A tiny house in Melbourne’s Box Hill has sold for a staggering price, leaving social media users “depressed” about the state of Victoria’s housing market.
The three-bedroom, one-bathroom home (if you could call it that) sits on a 678-square metre block, but when land is king, the $1.85 million price-tag makes slightly more sense.
The buyer reportedly purchased the property without actually being able to inspect it as the state is currently still in Stage Four lockdown.
Melbournians took to Reddit to voice their opinions on the 20 James Street sale.
“It's not a house for sale for that much, it's a block of land for sale (that can probably be developed into apartments), with some ‘rubbish’ on it that needs clearing,” a Reddit user said.
But while many on the thread understood the price given the land size, others were left astonished by it.
“Cheers Melbourne Property Market for making me feel even more depressed right now,” one user said.
“I assume the price is mainly for the land as the house is a s***box.”
A user who goes by the username PahoojyMan even calculated how many avocados one millennial would need to stop consuming in order to afford the home.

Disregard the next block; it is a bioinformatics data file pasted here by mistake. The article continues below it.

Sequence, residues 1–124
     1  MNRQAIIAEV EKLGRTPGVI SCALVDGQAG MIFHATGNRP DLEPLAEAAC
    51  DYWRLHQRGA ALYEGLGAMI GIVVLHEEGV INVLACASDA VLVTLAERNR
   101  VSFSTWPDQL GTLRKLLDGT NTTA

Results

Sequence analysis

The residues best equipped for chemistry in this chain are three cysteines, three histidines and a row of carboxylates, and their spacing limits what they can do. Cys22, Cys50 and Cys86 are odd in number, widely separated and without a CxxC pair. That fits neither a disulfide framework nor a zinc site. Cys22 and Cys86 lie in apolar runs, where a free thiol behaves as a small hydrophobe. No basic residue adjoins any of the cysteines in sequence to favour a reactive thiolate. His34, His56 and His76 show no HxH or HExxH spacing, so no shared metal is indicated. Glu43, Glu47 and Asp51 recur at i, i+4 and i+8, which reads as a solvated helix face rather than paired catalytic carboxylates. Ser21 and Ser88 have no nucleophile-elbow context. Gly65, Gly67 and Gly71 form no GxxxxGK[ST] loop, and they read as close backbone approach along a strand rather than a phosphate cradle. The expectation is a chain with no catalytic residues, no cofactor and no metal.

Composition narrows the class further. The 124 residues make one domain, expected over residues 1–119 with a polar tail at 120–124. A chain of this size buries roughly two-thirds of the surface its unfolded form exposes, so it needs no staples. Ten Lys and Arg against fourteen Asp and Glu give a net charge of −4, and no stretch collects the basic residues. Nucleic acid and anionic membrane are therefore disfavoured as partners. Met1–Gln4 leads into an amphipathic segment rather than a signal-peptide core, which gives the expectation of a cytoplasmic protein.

“At roughly $3 per avocado, one needs to stop eating 618,333 avocados to afford the house,” he said. “In order to afford the house within a modest 30 years, one needs to not eat 56 avocados per day.”
Another used quipped that millennials must also stop drinking iced lattes, too.
Melbourne house prices pummelled by Covid-19
The sale is somewhat of a red herring, with Melbourne house prices falling $32,000 in the three months to June – the steepest quarterly fall of all the major capital cities.
Things have only gotten worse for Melbourne since then, with the second lockdown forcing the closure of more businesses.
Commonwealth Bank forecasts most house prices to post a solid recovery in the second half of 2021, but Melbourne is unsurprisingly left out of this prediction.
“We have forecast a fall in Melbourne property prices of 12 per cent from April 20 to Q1 2021,” CBA economist Gareth Aird said.
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